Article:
“Cowards die many times before their actual deaths.”
“The Tragedy of Julius Caesar” by William Shakespeare
The month of September always makes me reminisce about my school days. I was one of those strange children that loved school, especially English and literature. When in school, I was tasked with reading “The Tragedy of Julius Caesar,” which was written by William Shakespeare around 1599. This is one of several plays written by Shakespeare based on true events from Roman history.
Even though a child, I enjoyed this reading very much and had some revelations that continue to inspire me even to this day. I was struck by the idea that the play was titled for a figure that was not the most visible character; Julius Caesar appeared alive in only three scenes, whereas a “minor” character, Marcus Brutus, speaks more than four times as many lines throughout this drama. The central psychological battle of the play focuses on Brutus’ pull between the conflicting demands of honor, patriotism and friendship. This painful dialogue is what intrigued me.
The idea crossed my mind that a “hero” is not always in the forefront of a situation. The “main character” can also be in the background as a supporting figure, and his/her actions can influence the outcomes significantly! Even as a child and now as an adult, it was/is comforting to know that heroes and the brave among us may have inner, conflicting dialogues that push them forward. They have to decipher and discern around whatever life event unfolds in front of them and make the decision that is best for all involved, not just their self.
“If there be any in this assembly, any dear friend of Caesar’s, to him I say,
‘That Brutus’ love to Caesar was no less than his’.
If then that friend demand why Brutus rose against Caesar, this is my
answer: ‘Not that I loved Caesar less, but that I loved Rome more.”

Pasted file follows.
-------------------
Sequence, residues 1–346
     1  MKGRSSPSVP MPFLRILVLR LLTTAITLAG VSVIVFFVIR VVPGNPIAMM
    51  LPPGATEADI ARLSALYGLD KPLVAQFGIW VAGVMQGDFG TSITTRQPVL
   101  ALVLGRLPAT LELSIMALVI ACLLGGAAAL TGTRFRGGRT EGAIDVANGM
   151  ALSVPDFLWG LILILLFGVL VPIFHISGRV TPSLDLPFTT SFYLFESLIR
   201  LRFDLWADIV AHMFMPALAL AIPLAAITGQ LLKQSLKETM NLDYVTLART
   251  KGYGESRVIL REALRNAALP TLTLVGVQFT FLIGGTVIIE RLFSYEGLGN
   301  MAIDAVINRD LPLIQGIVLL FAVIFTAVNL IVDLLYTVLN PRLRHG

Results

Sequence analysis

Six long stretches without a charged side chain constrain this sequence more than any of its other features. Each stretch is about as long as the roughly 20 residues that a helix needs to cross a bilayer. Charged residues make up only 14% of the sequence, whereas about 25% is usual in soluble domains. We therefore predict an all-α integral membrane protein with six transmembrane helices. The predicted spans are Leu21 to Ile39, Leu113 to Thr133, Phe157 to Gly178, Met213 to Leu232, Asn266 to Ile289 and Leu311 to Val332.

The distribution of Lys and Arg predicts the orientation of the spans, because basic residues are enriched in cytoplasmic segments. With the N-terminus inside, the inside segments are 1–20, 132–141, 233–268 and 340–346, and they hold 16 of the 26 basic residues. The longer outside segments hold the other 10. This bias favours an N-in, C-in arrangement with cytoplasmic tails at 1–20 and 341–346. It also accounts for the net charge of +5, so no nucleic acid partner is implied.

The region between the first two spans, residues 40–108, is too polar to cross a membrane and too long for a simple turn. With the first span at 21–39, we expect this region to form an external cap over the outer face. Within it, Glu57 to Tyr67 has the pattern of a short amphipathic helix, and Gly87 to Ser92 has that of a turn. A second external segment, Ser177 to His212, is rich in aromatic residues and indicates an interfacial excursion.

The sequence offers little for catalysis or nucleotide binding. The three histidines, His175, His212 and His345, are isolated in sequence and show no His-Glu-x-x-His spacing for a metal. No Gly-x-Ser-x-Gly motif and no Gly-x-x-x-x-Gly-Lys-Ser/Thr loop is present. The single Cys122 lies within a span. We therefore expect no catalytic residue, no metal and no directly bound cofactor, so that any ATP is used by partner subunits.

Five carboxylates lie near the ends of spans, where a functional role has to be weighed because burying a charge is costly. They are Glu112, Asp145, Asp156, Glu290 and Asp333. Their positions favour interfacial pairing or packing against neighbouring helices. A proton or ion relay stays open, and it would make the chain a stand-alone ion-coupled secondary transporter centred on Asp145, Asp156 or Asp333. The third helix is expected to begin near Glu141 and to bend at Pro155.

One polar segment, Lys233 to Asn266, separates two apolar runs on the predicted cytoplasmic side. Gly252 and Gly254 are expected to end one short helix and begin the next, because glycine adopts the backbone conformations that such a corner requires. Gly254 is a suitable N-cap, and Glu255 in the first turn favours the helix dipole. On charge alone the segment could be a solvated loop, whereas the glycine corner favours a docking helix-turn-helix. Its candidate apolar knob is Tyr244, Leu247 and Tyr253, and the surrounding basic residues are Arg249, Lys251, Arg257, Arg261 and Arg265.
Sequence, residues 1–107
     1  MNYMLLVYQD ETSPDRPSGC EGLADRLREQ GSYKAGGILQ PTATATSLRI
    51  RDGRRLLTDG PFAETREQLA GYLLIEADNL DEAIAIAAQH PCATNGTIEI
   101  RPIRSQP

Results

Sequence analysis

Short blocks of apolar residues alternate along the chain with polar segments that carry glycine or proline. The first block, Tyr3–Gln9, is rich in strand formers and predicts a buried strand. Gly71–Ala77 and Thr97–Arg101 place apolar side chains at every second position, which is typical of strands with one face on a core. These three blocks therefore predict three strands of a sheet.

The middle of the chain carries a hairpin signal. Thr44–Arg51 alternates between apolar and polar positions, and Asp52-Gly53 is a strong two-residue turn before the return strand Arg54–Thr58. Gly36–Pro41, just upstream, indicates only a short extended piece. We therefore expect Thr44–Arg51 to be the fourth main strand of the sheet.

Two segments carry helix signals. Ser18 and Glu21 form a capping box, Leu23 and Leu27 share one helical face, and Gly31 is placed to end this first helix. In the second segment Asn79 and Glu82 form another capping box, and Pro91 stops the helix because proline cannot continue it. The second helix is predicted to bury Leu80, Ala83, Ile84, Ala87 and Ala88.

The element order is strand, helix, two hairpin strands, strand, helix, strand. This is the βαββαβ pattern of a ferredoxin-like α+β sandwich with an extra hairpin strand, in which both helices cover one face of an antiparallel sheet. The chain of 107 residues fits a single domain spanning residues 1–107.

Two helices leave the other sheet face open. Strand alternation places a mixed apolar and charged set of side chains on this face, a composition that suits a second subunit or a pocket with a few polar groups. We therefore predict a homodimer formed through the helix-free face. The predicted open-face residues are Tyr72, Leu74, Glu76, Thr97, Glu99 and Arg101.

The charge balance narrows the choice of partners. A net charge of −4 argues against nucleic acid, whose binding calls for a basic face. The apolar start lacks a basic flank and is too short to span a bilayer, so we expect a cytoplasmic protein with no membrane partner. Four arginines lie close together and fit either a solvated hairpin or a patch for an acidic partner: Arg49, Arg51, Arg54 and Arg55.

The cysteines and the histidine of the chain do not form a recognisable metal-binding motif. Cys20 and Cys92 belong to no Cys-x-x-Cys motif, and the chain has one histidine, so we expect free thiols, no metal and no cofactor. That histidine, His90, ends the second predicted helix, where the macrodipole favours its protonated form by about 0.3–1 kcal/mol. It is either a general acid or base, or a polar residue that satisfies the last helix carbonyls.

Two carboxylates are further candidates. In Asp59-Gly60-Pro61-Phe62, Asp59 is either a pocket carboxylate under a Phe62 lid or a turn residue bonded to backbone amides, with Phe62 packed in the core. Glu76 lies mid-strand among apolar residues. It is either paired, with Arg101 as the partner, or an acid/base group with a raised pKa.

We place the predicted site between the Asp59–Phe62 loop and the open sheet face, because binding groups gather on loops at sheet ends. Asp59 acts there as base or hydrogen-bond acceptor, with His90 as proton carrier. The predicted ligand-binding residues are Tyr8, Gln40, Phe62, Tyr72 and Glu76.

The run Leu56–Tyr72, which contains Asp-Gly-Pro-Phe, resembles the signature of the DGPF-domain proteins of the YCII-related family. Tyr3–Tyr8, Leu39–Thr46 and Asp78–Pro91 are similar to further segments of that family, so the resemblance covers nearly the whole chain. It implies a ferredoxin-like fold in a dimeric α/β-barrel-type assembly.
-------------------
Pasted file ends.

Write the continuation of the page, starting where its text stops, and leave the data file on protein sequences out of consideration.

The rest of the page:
Marcus Brutus “The Tragedy of Julius Caesar” by William Shakespeare (3.2.19-24)
As I matured, thoughts around the concept of heroes expanded into the idea that conflicted and persecuted individuals are able to dig deep and persevere. From Greek and Roman mythology, to our modern day figures, “Heroes”, are often presented as someone of great strength and skill. Heroes face increasingly difficult challenges and always manage to summon the courage and fortitude to vanquish their enemies and please the gods, using the term loosely.
I have also come to realize over time, heroes rarely stand alone, usually they are the ones that can “rally the troops” and create a belief that the battle being faced, may have already been won.
“Whatever comes out of these gates, we’ve got a better chance of survival if we work together. Do you understand? If we stay together we survive!” Maximus, The Gladiator
Applying the Hero concept to our own life could be something to consider. In present day, there are no surrogate heroes that can be tapped on the shoulder to live our lives, even if we believe they could do it better. In today’s armchair society, we have a tendency to look up to our heroes when what we really need to do is look within. It’s not something we’re accustomed to doing; looking within.
We live in a culture where our outer needs are provided for. Things just show up for us when we need them. We need water; we turn on a faucet and there it is. We need light; just flip a switch. We feel a twinge of pain or discomfort; pop a pill, problem solved. Most of our needs are met before we can even register a desire. Think about it. It almost seems appropriate, given our on-demand environment, that we look to the television, radio, and world wide web to deliver the “Hero of the Day.” It certainly doesn’t need to be us, since we’ve outsourced just about everything else in our lives.
With what I learned as a child from reading the “classics,” and watching my world unfold around me for the past 50+ yrs., I have decided to become my own hero. I want to be the one who writes my future story with passion and certainty, no matter what my past has told me. I will face the struggles of the future, not fear the outcome and not look to others to be my “vicarious hero.” Outsourcing is no longer an option.
“Courage is contagious”
“When a brave man takes a stand, the spines of others are often stiffened.”
Through this process, I hope to develop and refine some of the “Brave Ones” characteristics, which might include:
- Honesty; and
Also, in taking the challenge of being vulnerable and brave in my efforts, I will bring strength to others to do the same. When it comes to being the best, God created person we can be, maybe it’s time to step up; to be our own Hero and to do it in a meaningful way. We need to stop making excuses and waiting for the proverbial “Knight in Shining Armor” to save the day. We each have a date with destiny that cannot be denied or delayed!
The wicked flee when no one pursues, but the righteous are as bold as a lion.